On Becoming a “Deadbeat Dad”

by W.F. Price on October 26, 2011

It’s fairly taboo for guys to open up about how they end up in child support arrears, because so many of us still harbor old-fashioned ideas about our duty to provide for our family, whether it’s possible or not. In fact, it’s a huge source of shame for a lot of men, and there isn’t much in the way of pity out there, so the stories aren’t often told.

Well, I figure I ought to break the ice in this regard, as I am currently in arrears, and let people – young men in particular – know how it can happen.

I’ve never been a high earner, nor have I ever been very ambitious about making money, although I’ve worked for the overwhelming majority of my adult life and can’t really imagine not working in some capacity or another. I’m sure my lack of financial motivation had something to do with the breakdown of my marriage (although, actually, it was probably psychologically more of a problem for me than my ex), but before being divorced I wasn’t aware that it was a potential crime.

As is often the case, separation and divorce were a shock to me. I saw it coming out of the corner of my eye, and was resigned to it in a way, but like the typical man I was in deep denial and avoidance. When my ex finally ran off to begin her affair with the then-married man she now lives with in British Columbia together with my children, I was pretty much left prostrate. It turns out the event had been planned, and her mother was involved. Unfortunately, I had fostered a friendship between my boss and my ex-wife’s family after obtaining a job for my ex’s sister, and my ex mother in law used this relationship to my ex’s advantage, essentially cutting me off from employment at exactly the point my ex left me. She would later tell my own mother that she felt justified in this tactic, because “it was war.” Of course, for me it was more like Pearl Harbor, where you don’t know it’s war until the bombs are falling right on top of you, but people have all sorts of justifications for whatever they do.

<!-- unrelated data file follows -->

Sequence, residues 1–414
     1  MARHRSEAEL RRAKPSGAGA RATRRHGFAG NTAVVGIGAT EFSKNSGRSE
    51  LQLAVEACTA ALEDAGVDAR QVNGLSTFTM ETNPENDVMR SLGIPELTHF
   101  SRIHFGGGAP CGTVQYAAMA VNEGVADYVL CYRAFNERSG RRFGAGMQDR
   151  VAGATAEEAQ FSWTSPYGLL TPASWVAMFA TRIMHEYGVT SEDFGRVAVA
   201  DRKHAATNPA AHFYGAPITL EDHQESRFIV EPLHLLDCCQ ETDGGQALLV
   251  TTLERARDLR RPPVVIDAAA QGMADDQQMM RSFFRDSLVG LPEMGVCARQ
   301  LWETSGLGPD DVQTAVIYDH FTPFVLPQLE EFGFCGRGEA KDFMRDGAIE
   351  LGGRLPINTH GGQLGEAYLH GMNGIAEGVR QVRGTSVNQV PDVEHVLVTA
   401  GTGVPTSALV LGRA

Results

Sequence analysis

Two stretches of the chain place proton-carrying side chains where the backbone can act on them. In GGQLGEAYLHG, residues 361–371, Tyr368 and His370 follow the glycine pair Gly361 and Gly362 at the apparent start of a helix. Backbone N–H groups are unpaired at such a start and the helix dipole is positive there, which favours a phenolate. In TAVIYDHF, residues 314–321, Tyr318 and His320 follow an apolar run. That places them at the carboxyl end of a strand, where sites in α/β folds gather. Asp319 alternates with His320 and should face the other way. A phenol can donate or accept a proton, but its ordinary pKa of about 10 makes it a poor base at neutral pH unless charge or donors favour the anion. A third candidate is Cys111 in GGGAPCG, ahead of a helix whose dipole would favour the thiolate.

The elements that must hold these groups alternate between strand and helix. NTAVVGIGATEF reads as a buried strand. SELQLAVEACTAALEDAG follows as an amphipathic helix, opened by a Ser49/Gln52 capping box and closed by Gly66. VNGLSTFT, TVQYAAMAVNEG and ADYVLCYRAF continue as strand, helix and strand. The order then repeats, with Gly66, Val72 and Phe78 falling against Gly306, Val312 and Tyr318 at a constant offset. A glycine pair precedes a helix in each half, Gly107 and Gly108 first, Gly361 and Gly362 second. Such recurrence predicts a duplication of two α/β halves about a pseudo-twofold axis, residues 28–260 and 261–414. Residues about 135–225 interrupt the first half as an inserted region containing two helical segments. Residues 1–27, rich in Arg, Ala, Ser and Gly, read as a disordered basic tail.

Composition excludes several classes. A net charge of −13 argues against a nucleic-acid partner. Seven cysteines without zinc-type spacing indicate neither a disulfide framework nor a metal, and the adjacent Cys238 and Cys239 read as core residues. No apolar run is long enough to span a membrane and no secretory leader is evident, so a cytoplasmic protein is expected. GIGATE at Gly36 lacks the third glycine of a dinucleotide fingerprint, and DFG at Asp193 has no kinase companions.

So, I found myself unemployed in the middle of the worst recession since the 1930s, with limited means, and alone facing a hostile wife, my children having been seized by her parents. Shortly after I filed for divorce to obtain a visitation schedule so I could see my children on some legal terms, I was falsely accused of making death threats while armed and had tactical officers approach my house with AR-15s. Mercifully, my ex recanted her lies under police questioning and the officers withdrew before I was shot to pieces in one of those humdrum “domestic disturbance” incidents, but my elderly neighbor nearly had a heart attack from fright and I learned that men armed with automatic rifles had questioned my neighbors about me in the meanwhile, which was humiliating to say the least.